The Red Sea offers two primary playground areas. The first, Hurghada, runs along the edge of the Eastern Desert — the vast stretch of desert between the Nile and the Red Sea. The alternative is Sharm El-Sheikh at the southern tip of the Sinai peninsula. Both areas are famed for spectacular diving and snorkeling. Both areas are massively built out for tourism.I was in Hurghada on my last trip to Egypt 34 years ago, so I was more interested in going to Sharm El-Sheikh this time. And besides, Hurghada sounded quite overbuilt and a bit run down, while Sharm El-Sheikh is reputed to be a bit more stylish and with more appealing places to stay. Nonetheless, the way the transportation worked out, it was pretty convenient for us to visit both, so we ended up booking five nights at each place. From Luxor, it’s a three-hour drive across the desert to Hurghada, and from there it’s a 30-minute airplane hop over the Red Sea to Sharm.
Indeed, the contrast turned out to be stark (though we’ll save stylish Sharm El-Sheik for our next installment). After five nights in Hurghada we are hard pressed to say very much nice about the place — except that the snorkeling was really impressive. From our hotel you could swim right out to a reef teeming with colorful fish and coral and the works. Regrettably, we have no underwater camera, so you only get pictures of the lesser beloved aspects of our stay.
When I first considered (skeptically) staying in Hurghada, I was less than thrilled wth the choices of accommodation. The place is jam-packed with junky looking all-inclusive resorts catering to Europeans who jet into “Egypt” on cheap package holidays. And a lot of resorts here appear to be abandoned, victims of a tourism slump since the revolution of 2011. But then I discovered that the upscale Indian hotel company Oberoi has a property in an area called Sahl Hasheesh at the far Southern end of the sprawl. Since our Nile cruise was also run by Oberoi, they’d include a nice comfy transfer across the desert for us.But aside from that impressive reef, even the Oberoi was a disappointment. The landscape was too stark. The hotel was strangely designed so that the well-appointed rooms mysteriously faced away from the sea. The food was hit or miss (more miss). And when we took a long drive into Hurghada for lunch outside the resort, the best restaurant we found was dreadful.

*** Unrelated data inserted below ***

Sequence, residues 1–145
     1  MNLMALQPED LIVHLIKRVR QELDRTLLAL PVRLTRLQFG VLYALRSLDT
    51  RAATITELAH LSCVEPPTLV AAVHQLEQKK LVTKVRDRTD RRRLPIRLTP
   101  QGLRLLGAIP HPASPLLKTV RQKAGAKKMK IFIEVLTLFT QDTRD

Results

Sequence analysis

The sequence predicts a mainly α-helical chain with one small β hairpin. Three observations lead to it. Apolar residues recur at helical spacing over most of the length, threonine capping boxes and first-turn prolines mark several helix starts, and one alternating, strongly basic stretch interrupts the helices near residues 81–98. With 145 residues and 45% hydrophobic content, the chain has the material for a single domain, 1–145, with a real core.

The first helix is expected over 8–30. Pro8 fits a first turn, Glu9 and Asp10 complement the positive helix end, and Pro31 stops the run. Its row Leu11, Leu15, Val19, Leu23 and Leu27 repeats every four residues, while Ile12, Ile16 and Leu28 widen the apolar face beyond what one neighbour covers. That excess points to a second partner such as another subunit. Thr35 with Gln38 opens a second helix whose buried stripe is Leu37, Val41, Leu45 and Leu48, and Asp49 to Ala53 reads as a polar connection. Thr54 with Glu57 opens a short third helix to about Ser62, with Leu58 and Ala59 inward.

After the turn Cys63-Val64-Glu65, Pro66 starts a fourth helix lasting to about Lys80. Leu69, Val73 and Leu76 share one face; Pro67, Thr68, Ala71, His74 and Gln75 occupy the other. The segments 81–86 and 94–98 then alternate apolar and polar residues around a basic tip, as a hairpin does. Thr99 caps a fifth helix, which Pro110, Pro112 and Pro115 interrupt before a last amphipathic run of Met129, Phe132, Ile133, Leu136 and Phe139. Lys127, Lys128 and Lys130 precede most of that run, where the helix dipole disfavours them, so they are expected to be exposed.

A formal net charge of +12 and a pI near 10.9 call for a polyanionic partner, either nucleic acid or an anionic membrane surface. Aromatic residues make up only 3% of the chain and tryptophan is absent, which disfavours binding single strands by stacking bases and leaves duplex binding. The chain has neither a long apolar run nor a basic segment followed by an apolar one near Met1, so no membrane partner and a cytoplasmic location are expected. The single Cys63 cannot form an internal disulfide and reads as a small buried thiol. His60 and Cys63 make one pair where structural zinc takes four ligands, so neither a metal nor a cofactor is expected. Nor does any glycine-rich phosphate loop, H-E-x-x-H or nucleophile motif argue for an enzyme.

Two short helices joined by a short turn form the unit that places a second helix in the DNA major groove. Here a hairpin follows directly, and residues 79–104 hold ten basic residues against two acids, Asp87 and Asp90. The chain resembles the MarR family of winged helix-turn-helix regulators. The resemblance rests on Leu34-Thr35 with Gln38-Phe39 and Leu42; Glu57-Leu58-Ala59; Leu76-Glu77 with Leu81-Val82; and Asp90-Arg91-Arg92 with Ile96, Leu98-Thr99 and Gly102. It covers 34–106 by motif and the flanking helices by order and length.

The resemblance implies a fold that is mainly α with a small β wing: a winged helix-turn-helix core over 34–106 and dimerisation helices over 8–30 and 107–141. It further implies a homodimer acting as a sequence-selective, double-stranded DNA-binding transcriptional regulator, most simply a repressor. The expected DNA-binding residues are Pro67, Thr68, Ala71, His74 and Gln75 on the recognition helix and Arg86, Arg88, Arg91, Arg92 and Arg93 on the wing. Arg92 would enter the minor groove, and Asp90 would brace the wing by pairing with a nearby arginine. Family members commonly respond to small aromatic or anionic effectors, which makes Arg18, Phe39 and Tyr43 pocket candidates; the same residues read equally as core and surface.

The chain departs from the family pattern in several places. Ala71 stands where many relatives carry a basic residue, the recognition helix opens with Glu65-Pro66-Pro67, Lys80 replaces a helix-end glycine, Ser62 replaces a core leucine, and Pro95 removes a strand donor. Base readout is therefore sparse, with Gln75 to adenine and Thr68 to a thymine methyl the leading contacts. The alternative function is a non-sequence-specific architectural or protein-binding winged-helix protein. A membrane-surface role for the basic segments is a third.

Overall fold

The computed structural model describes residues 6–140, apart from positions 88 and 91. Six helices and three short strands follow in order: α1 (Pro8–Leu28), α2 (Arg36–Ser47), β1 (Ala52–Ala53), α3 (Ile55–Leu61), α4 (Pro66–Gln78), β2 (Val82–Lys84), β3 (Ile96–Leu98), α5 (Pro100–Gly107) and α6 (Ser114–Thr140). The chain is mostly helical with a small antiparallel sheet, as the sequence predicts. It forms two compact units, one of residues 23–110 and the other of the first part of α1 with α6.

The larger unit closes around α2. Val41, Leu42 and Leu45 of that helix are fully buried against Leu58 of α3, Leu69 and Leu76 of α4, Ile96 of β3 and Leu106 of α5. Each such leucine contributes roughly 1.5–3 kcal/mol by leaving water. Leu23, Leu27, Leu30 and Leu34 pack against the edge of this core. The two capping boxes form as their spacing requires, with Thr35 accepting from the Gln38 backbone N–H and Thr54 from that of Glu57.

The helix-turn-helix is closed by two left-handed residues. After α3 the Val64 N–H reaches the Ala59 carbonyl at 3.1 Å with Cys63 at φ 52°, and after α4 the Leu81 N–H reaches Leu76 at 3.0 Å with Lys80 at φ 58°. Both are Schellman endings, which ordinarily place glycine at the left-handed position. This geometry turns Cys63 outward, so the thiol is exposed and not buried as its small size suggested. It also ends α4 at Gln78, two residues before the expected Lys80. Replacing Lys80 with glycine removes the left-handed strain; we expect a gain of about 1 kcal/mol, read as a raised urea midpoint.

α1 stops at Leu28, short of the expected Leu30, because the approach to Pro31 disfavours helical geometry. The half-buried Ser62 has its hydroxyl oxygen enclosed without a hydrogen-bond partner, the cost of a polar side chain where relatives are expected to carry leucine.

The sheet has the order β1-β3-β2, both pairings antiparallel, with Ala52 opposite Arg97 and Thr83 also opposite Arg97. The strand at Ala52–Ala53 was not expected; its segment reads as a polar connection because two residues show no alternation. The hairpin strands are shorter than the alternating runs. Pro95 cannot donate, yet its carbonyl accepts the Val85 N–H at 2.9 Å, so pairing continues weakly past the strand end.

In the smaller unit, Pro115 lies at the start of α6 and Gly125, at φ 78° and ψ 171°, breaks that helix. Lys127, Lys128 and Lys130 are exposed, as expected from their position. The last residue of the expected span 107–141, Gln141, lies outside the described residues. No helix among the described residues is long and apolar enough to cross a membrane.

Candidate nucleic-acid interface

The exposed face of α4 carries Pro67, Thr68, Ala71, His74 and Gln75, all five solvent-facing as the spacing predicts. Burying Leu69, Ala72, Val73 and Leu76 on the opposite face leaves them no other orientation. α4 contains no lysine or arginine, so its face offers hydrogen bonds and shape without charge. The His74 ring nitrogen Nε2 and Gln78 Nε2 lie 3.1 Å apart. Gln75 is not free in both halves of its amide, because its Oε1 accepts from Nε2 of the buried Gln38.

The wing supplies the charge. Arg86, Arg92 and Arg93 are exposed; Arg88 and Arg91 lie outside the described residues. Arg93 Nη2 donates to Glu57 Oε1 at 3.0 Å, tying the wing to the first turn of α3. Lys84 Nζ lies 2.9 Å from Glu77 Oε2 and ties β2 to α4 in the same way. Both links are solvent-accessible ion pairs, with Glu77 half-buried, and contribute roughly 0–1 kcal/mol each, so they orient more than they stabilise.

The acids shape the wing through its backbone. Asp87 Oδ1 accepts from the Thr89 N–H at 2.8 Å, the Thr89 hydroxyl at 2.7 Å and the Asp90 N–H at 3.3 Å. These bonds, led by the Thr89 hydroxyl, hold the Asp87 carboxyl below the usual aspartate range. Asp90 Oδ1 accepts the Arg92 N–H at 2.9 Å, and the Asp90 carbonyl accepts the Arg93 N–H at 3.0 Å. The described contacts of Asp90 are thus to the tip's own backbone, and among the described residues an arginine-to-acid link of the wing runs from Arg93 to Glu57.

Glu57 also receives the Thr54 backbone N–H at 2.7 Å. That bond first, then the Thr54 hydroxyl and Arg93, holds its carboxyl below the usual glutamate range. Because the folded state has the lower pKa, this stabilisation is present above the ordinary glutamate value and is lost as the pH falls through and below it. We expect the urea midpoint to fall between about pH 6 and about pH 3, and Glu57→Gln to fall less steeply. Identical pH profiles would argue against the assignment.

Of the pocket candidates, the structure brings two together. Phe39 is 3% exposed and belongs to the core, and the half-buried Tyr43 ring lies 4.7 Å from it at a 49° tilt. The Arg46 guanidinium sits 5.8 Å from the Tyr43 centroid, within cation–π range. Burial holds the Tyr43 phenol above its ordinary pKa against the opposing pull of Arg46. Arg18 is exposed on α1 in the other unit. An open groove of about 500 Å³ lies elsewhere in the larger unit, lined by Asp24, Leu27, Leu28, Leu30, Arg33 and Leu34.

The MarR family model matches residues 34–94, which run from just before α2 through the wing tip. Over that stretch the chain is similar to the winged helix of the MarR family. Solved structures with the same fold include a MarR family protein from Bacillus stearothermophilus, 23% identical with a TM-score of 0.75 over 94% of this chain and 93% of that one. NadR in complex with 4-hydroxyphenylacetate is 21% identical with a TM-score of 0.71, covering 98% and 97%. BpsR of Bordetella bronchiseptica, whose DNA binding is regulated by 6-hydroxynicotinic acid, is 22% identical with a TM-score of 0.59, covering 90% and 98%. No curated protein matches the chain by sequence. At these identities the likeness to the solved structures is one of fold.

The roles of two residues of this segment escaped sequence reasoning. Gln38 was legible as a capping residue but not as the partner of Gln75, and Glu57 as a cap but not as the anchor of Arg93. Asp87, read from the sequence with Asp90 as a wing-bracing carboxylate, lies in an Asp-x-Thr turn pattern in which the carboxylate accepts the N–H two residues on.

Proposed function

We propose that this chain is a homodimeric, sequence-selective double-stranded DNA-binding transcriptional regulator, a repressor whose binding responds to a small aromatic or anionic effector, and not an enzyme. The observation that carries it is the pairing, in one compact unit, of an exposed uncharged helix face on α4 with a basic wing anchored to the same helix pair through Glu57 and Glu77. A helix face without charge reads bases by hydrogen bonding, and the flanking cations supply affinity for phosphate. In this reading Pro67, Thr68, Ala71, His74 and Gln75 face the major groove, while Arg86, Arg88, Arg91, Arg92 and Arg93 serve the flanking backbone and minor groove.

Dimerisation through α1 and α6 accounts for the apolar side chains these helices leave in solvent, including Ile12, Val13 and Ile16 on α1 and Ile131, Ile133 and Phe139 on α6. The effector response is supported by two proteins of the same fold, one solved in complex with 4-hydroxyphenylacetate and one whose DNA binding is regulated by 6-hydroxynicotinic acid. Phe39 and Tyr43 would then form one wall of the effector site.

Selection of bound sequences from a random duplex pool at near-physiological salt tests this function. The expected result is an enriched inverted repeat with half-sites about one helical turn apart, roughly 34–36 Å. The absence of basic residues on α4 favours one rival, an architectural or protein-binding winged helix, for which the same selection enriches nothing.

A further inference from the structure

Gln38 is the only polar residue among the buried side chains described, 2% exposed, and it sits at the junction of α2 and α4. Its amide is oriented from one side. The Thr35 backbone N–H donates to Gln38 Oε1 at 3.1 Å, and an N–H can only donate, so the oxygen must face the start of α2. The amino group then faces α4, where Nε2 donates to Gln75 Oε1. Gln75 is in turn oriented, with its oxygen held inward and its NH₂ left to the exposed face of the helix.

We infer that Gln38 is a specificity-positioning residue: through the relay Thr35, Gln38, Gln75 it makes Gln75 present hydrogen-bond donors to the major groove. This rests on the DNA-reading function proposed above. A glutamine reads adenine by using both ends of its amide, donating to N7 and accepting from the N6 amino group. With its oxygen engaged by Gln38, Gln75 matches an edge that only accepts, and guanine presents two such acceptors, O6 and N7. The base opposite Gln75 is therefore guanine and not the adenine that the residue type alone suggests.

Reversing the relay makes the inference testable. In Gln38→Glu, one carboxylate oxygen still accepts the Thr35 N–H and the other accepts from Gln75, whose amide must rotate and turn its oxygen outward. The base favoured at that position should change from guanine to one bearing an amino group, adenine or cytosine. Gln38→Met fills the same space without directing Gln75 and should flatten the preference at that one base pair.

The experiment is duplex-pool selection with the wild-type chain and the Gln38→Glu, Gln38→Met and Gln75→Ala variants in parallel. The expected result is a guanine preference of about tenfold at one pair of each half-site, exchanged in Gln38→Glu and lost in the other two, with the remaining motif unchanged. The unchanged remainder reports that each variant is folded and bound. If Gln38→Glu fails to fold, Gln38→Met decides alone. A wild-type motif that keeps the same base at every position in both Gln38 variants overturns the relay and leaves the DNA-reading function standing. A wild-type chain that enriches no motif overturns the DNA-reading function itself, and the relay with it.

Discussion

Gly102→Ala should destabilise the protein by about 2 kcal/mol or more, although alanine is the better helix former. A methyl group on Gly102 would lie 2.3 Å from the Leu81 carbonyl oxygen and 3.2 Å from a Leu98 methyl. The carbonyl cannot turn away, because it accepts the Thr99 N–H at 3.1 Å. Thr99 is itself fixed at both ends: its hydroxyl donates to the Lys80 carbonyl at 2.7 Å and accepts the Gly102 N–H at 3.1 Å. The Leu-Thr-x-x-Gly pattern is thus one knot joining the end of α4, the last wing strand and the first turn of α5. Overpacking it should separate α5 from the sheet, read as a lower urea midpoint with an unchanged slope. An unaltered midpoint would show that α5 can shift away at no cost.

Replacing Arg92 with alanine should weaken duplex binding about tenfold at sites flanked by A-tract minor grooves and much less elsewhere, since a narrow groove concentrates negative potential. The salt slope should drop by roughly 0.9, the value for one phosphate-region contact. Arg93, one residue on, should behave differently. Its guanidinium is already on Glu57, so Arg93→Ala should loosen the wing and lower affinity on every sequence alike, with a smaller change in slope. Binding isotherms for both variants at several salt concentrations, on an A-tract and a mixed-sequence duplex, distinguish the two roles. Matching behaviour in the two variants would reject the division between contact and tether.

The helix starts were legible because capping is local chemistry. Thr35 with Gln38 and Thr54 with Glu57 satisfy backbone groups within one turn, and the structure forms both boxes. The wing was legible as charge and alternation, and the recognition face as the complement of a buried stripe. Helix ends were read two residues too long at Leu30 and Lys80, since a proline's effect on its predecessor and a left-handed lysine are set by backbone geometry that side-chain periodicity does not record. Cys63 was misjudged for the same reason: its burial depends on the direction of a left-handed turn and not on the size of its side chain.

And I won’t blame the Oberoi, but we managed to have five days of weather dominated by wind. It was so windy we never wanted to go in the water, which was rough. The exception was the third morning, when the wind was gone and the water was miraculously still, like glass. An English guest told me this was his last day of a two-week stay, and it was the first day without that hideous wind. He also told me how great the snorkeling was, so Jim and I headed to the dive shop to get snorkel equipment for the first time.
When we came out of the dive shop 15 minutes later the wind had come back out of nowhere. We couldn’t believe it! The gorgeous morning had given way to that damned wind, just like that! We did snorkel anyway, and it really was impressive, until the wind and waves caused me to stress out and crash onto the reef. So I left Hurghada with my hands and legs covered in scratches, cuts, and bruises.
And on top of that, Jim came down with a nasty case of food poisoning. So this stop was not a huge success. Let’s hope we like Sharm El-Sheikh better.